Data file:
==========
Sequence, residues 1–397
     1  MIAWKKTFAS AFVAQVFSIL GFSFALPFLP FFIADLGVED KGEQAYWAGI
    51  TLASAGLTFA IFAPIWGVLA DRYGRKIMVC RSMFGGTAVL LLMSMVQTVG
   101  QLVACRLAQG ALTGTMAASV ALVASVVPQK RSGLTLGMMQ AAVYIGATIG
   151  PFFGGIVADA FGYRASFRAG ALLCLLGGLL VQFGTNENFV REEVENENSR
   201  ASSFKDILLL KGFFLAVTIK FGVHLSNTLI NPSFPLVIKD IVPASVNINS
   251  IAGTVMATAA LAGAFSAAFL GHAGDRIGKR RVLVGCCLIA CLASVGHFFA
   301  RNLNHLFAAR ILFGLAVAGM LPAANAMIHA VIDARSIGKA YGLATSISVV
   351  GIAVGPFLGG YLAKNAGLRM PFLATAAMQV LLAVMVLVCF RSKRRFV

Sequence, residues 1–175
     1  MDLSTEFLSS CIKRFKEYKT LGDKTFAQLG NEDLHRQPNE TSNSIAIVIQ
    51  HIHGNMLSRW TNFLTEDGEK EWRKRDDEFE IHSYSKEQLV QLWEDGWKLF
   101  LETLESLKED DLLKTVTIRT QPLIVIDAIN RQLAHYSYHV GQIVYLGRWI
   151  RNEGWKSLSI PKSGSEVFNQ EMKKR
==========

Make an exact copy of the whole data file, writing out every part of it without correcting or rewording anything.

Sequence, residues 1–397
     1  MIAWKKTFAS AFVAQVFSIL GFSFALPFLP FFIADLGVED KGEQAYWAGI
    51  TLASAGLTFA IFAPIWGVLA DRYGRKIMVC RSMFGGTAVL LLMSMVQTVG
   101  QLVACRLAQG ALTGTMAASV ALVASVVPQK RSGLTLGMMQ AAVYIGATIG
   151  PFFGGIVADA FGYRASFRAG ALLCLLGGLL VQFGTNENFV REEVENENSR
   201  ASSFKDILLL KGFFLAVTIK FGVHLSNTLI NPSFPLVIKD IVPASVNINS
   251  IAGTVMATAA LAGAFSAAFL GHAGDRIGKR RVLVGCCLIA CLASVGHFFA
   301  RNLNHLFAAR ILFGLAVAGM LPAANAMIHA VIDARSIGKA YGLATSISVV
   351  GIAVGPFLGG YLAKNAGLRM PFLATAAMQV LLAVMVLVCF RSKRRFV

Sequence, residues 1–175
     1  MDLSTEFLSS CIKRFKEYKT LGDKTFAQLG NEDLHRQPNE TSNSIAIVIQ
    51  HIHGNMLSRW TNFLTEDGEK EWRKRDDEFE IHSYSKEQLV QLWEDGWKLF
   101  LETLESLKED DLLKTVTIRT QPLIVIDAIN RQLAHYSYHV GQIVYLGRWI
   151  RNEGWKSLSI PKSGSEVFNQ EMKKR